Between her college education, experience teaching at a preschool for children with Autism Spectrum Disorder, and inspiration to help others after spending time as a missionary, Jamie Easler was well positioned to pursue a master’s degree in Marriage, Family, and Human Development at BYU. She studied the effects of disabled children on family processes and researched interventions to help families navigate life with disabilities. “I definitely saw the need and the effect that having a child with a disability can have on families,” recalls Easler.
The peer-reviewed journal Intellectual and Developmental Disabilities recently published Easler’s master’s thesis that compared uplifts, respite care, stressors, and marriage quality in the parents of children with autism and Down syndrome. Easler collaborated with many faculty mentors in the School of Family Life and the McKay School of Education, who are co-authors on the article.
The most outstanding discovery had to do with uplifts. “Uplifts is a fancy term for the different positive experiences that you have in your day-to-day life and how you perceive those things…so it could be your relationship with your spouse or your relationship with your child,” explains Easler. The study found that parents who reported experiencing more uplifts had higher marital quality, even if they still had high levels of stress. Uplifts appeared to be even more beneficial to a parent’s well-being and marital quality than respite care. “It’s important how you perceive those things, and when parents (especially those of children with autism) could experience more uplifts they did report lower levels of stress and higher personal marital quality.”
Down Syndrome and Paternal Advantages
Comparing the two disabilities researched in this study, parents of children with Down Syndrome reported experiencing more frequent uplifts, while parents of children with ASD reported higher stressors and lower marital quality. These findings reaffirmed what other studies have discovered to be the ‘Down syndrome advantage.’ “We definitely didn’t want to lump all parents of children with these disabilities together because each family will have a different experience with their child, but these are the results that we’re seeing — that on average there is an advantage for families of children with Down syndrome,” says Easler.
The study also analyzed responses from both parents, allowing Easler and her co-authors to compare reported uplifts, respite care, stressors, and marital quality between mothers and fathers. Notably, Easler and her co-authors found what the paper calls, a ‘husband advantage,’ where 20% of the fathers of children diagnosed with autism consider their marriage distressed, compared with 25% of mothers. Likewise, while 10% of mothers with children who have Down syndrome reported having a distressed marriage, only 2% of fathers reported marital distress.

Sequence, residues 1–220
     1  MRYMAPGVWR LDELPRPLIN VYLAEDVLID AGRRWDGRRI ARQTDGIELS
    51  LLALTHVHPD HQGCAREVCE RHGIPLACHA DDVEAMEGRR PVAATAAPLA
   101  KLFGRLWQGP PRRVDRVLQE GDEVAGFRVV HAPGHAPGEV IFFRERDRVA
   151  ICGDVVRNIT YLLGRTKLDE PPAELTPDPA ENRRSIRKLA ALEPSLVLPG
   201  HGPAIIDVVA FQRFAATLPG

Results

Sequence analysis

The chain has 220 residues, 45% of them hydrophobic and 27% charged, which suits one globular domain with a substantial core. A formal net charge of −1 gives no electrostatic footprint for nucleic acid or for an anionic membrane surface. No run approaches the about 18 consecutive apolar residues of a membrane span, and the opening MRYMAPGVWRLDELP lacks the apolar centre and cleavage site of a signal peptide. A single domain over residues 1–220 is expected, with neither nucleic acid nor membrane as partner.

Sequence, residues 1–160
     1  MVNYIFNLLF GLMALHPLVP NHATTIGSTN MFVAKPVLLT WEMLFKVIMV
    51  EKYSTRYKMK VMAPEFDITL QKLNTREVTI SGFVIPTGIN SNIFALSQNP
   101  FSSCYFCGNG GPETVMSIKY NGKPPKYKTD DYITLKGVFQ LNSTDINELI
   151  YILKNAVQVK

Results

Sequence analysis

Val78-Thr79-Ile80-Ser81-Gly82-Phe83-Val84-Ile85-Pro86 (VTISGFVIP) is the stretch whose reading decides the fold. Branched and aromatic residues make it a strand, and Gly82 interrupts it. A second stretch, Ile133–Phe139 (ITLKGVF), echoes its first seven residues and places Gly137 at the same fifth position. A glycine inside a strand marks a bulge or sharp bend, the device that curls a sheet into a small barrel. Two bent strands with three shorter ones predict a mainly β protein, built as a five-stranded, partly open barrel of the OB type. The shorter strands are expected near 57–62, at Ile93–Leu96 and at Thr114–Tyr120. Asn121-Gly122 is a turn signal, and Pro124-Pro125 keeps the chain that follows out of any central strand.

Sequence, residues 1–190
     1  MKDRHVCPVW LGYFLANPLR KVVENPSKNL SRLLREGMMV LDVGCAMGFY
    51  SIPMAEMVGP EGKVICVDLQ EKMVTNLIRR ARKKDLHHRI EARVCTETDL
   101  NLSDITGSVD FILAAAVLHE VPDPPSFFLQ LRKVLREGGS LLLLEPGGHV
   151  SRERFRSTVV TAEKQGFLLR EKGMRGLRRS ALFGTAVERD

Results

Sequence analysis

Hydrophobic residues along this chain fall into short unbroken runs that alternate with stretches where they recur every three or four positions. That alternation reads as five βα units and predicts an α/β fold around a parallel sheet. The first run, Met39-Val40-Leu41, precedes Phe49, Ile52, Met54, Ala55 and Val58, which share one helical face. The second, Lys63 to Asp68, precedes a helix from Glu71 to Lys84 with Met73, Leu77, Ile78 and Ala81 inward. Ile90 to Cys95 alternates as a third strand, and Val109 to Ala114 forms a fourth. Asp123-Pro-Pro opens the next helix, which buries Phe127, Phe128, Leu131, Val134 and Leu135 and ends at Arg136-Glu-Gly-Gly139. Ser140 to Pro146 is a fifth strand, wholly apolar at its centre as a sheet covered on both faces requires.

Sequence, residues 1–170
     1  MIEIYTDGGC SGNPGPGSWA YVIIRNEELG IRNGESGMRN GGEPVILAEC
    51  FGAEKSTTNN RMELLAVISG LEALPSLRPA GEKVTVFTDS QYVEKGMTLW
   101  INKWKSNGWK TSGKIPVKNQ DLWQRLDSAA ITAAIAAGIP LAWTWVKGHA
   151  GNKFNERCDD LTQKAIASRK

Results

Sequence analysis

A New Perspective on Disability
While the study compared many variables, Easler and co-author Jeremy Yorgason agree that discovering the importance of uplifts for families with disabled children is the most impactful takeaway of the paper. “A lot of studies in the past have just focused on the stress of caring for a child with a disability and this paper comes in and says, ‘Hey the uplifts are important as well.’ And the uplifts were related to marital quality and levels of stress in both cases,” says Yorgason, who is a professor in the School of Family Life. Ideally, using this paper as a foundation, research would continue to discover how professionals can help parents of children with disabilities recognize uplifts more often.
“I think that it is important to understand that there are differences within the disabilities themselves and how that affects stress in marriage and the family, and also what professionals can do to help these parents and families. I hope to see a shift in research perspectives from always studying the negative to finding the positives that can help parents experience lower stress and hopefully improve their relationships,” adds Easler.
A Long Publishing Process
Easler presented her thesis and graduated in 2016, but that was only the starting line of having the research published in a peer-reviewed journal. “This paper went through so many edits. It took years!” jokes Easler. While the process was long and often tedious, she consistently turned to her faculty mentors for assistance and new perspectives. “All of my mentors were very helpful in every regard, and I’m still in contact with all of them. I’m so grateful to every single one of them, and it was such a collaborative and multidisciplinary effort.”
By studying different variables that affect family processes, family life scholars hope to discover solutions to family challenges. Yorgason describes it like this: “Every family faces some challenges, and sometimes those challenges involve the health of their child. For me, it’s important to try to understand what helps families to function the best that they can, given those challenging situations.”
Visit mfhd.byu.edu to learn more about the Marriage, Family, and Human Development graduate program.